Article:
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Category: Joint Force Quarterly

Oct. 1, 2016

Fighting with Friends: Coalition Warfare in Korean Waters, 1950–1953

In late June 1950, President Harry Truman ordered U.S. forces into combat against the North Korean invasion of South Korea. One of the first units to respond was a combined U.S. Navy–Royal Navy task force with one aircraft carrier from each navy. Throughout the Korean War, British and American naval forces operated together to support the decisive actions on land. Although Anglo-American naval relations were close throughout the Korean War, these ties could be strained and frayed when U.S. Navy commanders operated as though the Royal Navy was a mirror image of their own fleet. This case study in managing multinational operations serves as a timely reminder for commanders and operators of the importance of understanding the history and organizational structure of their coalition partners and of being prepared to adjust practices and procedures based on this knowledge. The experience of Rear Admiral George Dyer illustrates the dangers of mirror-imaging coalition allies, even those as close as the Royal Navy.

Oct. 1, 2016

A Passion for Leadership

Robert Gates’s previous memoirs on his time at the Central Intelligence Agency (CIA) and on the National Security Council staff as well as his tenure as Secretary of Defense were well received as “ultimate insider” accounts. Gates’s latest book, A Passion for Leadership, is different but should prove just as popular for different reasons. Gates distills his government experience, along with his service as president of Texas A&M (the Nation’s fifth largest university), into a treatise on leadership. It is a fitting capstone to an illustrious career, during which he “worked for eight U.S. presidents . . . and observed or worked with fourteen secretaries of state, thirteen secretaries of defense, nine chairman of the Joint Chiefs of Staff, fourteen national security advisers, ten directors of the CIA,” and innumerable senior military officers and diplomats. He has observed and exercised a lot of leadership and believes he has something important to say about the topic. He is right.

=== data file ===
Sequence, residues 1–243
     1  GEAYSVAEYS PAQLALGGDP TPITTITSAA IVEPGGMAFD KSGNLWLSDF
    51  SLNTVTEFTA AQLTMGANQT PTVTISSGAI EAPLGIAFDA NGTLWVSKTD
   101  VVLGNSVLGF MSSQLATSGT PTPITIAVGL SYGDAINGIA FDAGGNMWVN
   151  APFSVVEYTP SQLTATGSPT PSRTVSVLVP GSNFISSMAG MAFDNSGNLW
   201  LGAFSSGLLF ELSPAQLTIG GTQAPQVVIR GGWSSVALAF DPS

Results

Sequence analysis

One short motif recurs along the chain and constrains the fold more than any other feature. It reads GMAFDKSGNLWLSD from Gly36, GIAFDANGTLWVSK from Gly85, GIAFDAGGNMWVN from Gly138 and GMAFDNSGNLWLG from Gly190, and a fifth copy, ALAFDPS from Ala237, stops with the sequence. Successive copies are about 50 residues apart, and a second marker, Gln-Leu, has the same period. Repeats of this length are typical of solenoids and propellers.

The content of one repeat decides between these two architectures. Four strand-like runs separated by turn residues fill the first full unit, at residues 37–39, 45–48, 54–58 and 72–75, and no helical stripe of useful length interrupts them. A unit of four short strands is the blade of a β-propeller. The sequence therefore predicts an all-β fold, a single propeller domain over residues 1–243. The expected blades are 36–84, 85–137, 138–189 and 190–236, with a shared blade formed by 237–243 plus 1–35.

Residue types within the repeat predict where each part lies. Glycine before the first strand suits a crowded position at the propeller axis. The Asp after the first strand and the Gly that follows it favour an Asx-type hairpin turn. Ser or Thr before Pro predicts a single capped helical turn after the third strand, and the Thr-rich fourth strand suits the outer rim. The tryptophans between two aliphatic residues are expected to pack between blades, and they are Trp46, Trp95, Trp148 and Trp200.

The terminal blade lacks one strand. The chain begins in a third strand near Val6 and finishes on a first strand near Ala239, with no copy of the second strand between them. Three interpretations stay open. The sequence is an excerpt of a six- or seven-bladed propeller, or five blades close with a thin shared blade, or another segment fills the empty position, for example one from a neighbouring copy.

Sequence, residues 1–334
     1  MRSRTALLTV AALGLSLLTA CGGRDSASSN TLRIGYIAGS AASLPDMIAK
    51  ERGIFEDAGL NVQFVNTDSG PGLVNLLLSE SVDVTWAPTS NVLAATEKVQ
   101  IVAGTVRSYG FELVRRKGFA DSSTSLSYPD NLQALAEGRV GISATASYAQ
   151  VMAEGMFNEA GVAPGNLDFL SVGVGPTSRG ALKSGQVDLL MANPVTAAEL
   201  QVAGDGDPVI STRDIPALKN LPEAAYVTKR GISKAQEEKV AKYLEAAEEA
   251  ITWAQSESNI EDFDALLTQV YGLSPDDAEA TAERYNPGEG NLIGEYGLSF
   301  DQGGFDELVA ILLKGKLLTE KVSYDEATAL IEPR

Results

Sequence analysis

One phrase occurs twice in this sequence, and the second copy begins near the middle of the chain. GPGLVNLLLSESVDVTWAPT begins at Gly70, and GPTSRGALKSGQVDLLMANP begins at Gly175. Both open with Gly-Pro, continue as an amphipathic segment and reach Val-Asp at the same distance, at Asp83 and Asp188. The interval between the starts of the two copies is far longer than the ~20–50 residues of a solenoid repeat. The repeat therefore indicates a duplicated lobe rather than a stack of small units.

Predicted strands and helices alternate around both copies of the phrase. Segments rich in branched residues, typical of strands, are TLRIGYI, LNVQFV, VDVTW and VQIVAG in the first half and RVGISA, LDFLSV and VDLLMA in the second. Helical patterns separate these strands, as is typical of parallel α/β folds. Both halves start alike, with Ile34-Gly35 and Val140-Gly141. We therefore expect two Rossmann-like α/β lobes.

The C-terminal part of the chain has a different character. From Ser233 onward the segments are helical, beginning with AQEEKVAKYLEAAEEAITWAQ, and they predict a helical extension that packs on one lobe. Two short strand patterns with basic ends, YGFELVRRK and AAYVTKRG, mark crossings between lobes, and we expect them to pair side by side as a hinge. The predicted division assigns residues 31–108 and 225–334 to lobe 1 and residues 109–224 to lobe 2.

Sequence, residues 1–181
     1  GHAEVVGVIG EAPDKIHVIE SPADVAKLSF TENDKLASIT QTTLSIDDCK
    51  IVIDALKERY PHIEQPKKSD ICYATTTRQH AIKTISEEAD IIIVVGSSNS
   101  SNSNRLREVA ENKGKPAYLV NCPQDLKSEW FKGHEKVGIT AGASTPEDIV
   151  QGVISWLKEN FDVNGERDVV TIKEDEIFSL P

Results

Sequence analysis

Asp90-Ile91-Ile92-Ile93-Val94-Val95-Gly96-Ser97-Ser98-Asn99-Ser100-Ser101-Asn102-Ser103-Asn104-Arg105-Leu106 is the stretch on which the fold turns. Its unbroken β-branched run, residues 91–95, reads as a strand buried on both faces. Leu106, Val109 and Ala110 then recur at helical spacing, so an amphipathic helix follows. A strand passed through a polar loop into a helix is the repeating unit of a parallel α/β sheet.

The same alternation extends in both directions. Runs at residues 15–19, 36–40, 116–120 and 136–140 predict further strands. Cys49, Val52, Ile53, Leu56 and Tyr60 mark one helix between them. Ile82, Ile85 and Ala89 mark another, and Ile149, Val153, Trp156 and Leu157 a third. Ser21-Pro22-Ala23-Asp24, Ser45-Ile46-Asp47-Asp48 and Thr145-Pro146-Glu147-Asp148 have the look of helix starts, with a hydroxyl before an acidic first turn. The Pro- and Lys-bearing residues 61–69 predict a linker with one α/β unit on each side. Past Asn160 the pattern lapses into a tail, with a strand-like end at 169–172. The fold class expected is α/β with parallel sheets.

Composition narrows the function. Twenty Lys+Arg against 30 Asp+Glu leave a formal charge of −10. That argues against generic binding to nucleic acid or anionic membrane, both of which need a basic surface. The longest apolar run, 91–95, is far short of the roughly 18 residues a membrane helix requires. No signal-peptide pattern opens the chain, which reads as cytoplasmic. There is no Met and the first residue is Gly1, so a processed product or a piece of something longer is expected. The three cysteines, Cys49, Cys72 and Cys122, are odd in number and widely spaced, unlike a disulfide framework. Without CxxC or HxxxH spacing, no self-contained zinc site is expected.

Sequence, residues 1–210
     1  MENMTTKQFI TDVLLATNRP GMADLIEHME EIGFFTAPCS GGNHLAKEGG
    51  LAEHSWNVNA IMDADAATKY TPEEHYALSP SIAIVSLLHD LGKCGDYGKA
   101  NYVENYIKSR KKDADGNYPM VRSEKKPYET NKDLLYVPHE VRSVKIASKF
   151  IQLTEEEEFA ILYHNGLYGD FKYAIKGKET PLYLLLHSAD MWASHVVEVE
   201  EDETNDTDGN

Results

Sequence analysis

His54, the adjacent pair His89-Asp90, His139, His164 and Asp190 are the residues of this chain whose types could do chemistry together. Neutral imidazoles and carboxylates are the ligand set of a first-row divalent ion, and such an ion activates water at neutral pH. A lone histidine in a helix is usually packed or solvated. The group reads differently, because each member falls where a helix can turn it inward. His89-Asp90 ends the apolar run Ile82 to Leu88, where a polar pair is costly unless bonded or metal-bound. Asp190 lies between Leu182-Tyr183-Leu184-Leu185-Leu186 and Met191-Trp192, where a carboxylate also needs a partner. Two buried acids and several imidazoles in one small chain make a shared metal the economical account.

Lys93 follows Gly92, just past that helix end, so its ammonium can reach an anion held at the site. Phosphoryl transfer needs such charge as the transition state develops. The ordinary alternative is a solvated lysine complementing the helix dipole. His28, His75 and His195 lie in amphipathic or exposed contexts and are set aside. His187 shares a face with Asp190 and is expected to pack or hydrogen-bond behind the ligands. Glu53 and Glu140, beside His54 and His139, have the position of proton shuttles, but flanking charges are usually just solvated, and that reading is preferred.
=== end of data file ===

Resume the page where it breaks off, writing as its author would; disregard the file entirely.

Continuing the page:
Oct. 1, 2016

Carnage and Connectivity

One approaches the first few pages of Carnage and Connectivity with a sense of trepidation. Do we need another book invoking Carl von Clausewitz’s “remarkable trinity” to explain the changing character (but not nature!) of war? Do we need another book critiquing revolutions in military affairs (RMAs) as unrealistic technophilia? Do we need another book parsing the meaning of cyber power? With a deep sense of foreboding I plowed on, expecting my pessimism to be confirmed. But then I encountered pithy writing, unique insights, and even detected a sense of humor. While Carnage and Connectivity covers well-trodden ground, it does so with exceptional clarity, biting critiques, and the self-confident voice of a seasoned (if not cynical) scholar.